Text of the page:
But last summer, Sister Larraine started getting reports from partners in Haiti who ran clinics in tiny villages that had received filters. From January through May 2017, cases of waterborne illness went from 75 to 0. There was no more cholera.

So that got her thinking though she dared not say it aloud:

How much good could we really do with the right strategy and big money?

The push to find those answers came in short order. It was as if God himself were talking through people who crossed her path.

The first nudge came from a Lyft driver in Tampa — a fundraiser himself — who gave her a mini seminar from the front seat of his Datsun. He asked: “What would you do if you could really get your hands on some significant funding?”

“I’d throw everything I could at Haiti,” she told him.

And then she offered a silent prayer: OK, God. I’m paying attention.

The same day she met with Kurt Avery, president of Sawyer Products, the company that makes the filters.

“Are you ready to go big?” he asked.

He offered to fund Geographic Information System technology to pair with the program. That way, Water With Blessings would know for sure where cholera had been and when it was gone.

Sister Larraine laughed to herself and told God: Alright, alright. You don’t have to hit me over the head.

Three weeks later she was on her way back from Honduras when she saw a distinguished man in an expensive suit in the airport. He was surrounded by armed guards and television cameras. He seemed important so she took an empty seat next to him on the plane. The nervy nun chatted the whole way back to Atlanta with a man who turned out to be the former prime minister of Peru.

He was the first person to whom she confessed her idea: She wanted to eradicate cholera in Haiti.

He thought it could work. “If you were ready, you could go to the World Bank,” she remembers him saying.

The puzzle pieces began to form an idea in Sister Larraine’s mind: a tactical plan, GIS data and ideas for big money. So at a prayer meeting back home, she told the Water With Blessings team about her conviction. They responded with raised eyebrows and a blue Post-it note in the prayer bowl.

She couldn’t do it alone, she told them. She’d need a whole crew of crazy to pull it off. Were they in?

Stephanie Kornexl, in charge of partnerships at Water With Blessings, remembers Sister Larraine wagging her finger and saying: “I’m challenging you, God!”

“I remember feeling like it was a big moment,” Stephanie said. “Like we really were on the verge of something that was not of our own making.”

Sister Larraine also wanted input from Gerry Delaquis, a volunteer and Water With Blessings’ country coordinator for Haiti. He’s Haitian and a longtime military man, more strategist than wide-eyed dreamer.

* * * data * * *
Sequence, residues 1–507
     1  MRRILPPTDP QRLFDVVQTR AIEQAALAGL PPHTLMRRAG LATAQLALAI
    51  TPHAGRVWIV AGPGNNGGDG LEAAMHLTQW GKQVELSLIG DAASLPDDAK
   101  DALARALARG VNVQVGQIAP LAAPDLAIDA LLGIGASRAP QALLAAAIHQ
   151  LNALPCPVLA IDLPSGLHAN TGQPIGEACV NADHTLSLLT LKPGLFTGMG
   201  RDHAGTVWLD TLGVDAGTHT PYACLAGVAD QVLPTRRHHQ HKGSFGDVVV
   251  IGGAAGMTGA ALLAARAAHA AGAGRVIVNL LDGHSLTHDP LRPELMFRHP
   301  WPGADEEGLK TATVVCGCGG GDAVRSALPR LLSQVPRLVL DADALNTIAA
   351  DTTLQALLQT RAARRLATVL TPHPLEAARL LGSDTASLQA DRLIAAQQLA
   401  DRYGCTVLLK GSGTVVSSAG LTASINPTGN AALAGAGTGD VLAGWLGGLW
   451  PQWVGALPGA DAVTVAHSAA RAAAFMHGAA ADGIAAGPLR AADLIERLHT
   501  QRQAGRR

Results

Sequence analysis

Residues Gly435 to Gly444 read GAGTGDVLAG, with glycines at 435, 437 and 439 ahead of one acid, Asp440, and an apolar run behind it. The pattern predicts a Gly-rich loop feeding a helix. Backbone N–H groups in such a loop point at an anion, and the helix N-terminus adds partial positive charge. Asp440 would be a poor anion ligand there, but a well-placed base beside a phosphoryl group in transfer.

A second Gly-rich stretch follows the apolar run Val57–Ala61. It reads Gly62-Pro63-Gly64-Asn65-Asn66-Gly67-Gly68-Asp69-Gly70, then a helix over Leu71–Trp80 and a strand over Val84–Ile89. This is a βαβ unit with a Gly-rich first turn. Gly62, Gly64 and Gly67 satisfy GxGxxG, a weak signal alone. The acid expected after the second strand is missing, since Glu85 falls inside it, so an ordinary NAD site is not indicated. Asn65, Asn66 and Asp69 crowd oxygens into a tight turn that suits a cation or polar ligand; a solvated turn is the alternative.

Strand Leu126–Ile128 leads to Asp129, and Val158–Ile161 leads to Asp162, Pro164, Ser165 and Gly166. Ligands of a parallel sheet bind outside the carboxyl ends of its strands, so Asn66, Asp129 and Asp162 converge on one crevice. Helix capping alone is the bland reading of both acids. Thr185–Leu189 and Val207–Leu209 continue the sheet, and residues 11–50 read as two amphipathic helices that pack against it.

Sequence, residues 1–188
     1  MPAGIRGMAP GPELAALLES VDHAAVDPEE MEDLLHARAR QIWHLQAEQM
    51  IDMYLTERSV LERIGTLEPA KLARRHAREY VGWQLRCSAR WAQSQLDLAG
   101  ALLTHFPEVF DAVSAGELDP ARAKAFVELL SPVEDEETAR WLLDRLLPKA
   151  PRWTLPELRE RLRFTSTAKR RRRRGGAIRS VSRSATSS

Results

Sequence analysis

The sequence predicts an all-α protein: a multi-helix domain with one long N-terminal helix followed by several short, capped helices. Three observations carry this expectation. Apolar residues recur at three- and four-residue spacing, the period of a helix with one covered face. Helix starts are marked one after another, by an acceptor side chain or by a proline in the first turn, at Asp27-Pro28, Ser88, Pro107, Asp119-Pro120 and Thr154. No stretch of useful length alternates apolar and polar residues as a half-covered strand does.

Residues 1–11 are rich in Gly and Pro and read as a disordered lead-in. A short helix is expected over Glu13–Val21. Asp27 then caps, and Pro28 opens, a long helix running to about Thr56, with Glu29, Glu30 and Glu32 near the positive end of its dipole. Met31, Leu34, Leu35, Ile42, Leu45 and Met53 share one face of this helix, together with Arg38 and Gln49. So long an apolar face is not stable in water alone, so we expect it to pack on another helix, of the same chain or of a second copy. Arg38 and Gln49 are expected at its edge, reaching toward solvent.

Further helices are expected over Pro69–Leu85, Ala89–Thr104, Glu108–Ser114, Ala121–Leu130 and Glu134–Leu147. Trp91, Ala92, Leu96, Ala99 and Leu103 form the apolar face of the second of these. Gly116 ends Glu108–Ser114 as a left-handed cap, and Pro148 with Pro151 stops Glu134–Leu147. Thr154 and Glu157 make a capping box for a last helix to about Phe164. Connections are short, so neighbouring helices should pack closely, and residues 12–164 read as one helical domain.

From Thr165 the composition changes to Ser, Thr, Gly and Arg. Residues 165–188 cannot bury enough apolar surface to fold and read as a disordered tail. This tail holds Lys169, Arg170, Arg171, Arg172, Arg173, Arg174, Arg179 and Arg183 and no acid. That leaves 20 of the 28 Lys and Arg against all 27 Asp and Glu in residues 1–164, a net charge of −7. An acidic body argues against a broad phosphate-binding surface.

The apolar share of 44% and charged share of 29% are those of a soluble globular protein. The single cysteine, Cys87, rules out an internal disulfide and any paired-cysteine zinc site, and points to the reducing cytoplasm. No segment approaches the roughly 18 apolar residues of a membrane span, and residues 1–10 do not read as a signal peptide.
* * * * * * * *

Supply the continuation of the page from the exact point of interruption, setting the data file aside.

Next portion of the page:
“It’s like I’m in a sailboat, and the winds change direction, and you try to stay on board,” he said. “… Is the idea a little bit crazy? It is. But Water With Blessings’ program — with the proper support — can that eradicate cholera? Yes.”

Thus, the Village by Village project was born, and within a matter of weeks, Sister Larraine assembled a team to travel to Haiti for the launch. They’d aim to raise $250,000 to equip mothers in 14 villages around the city of Verrettes with filters. If they could eradicate cholera in a confined area, maybe they could convince big donors — Melinda Gates, Warren Buffett, Oprah — to fund the project for the whole country.

It would cost maybe $30 million, a sum Sister Larraine deems modest given that more than $500 million has already been spent on vaccinations, awareness campaigns and sanitation improvements to wipe out cholera. The United Nations, the World Health Organization and many non-governmental organizations have made valiant attempts to contain and treat cholera. But because their main attack hasn’t been at the source — water — their efforts have been short-lived, she said.

Sister Larraine intends to work a miracle — and make history — by ensuring that every Haitian family has access to clean water through household water filters.

“Nobody has figured out how to just get everybody on clean water,” she said. “But we can. The strategy right now is to limit death. But there’s no will to just drive it out. We have that will.”

So far, nobody has told her it can’t be done. Mostly, they’re wide-eyed and say: You’re gonna do what?

A Haiti based aid volunteer with the Middletown, Kentucky based nonprofit, Water With Blessings, briefs the organization’s Executive Lead, Sister Larainne Lauter, on local initiatives in Haiti. (Photo by Bryan Woolston)

Miracle in the Making

In four months, Water With Blessings has raised more than $138,000 toward that first quarter-million dollar goal, now up to $149,836. And Sister Larraine Lauter still hasn’t lost her nerve. It may take 10 years to do it, but she’s undaunted, she said.

She likens the plan to a story in author Mary Stewart’s trilogy on Merlin.

“In the first book about Merlin, his teacher is saying to him: If you want to be in the service of the gods, and you think you dare — and you think you dare — you set yourself by the side of the road and wait for the gods to come by in their chariots. And if you are lucky, they will reach out and drag you along behind.

“It’s not about a special choosing or something. It’s just saying, ‘Have the intention to put yourself out there.’ I’ve always thought that there’s a spiritual truth to that. That if you dare, God will use you. And it may seem sometimes that you’re just being dragged in the dust behind a chariot.”

This Ursuline nun — the disruptor, the cage rattler, the possibility provocateur — wants to enlist more radical changemakers to eradicate cholera in Haiti. For Marielitha Philostene. For Elda Servius. For Christiana Neyil. And she’ll continue until the miracle is done.

Even if it feels like she’s being dragged in the dust. •

Kristina Goetz is a freelance writer in Louisville. She also handles media for Water With Blessings.

Want to learn more and help?

Go to waterwithblessings.org for more information about Water With Blessings and the Village by Village project.

To donate, go to: waterwithblessings.org/village-by-village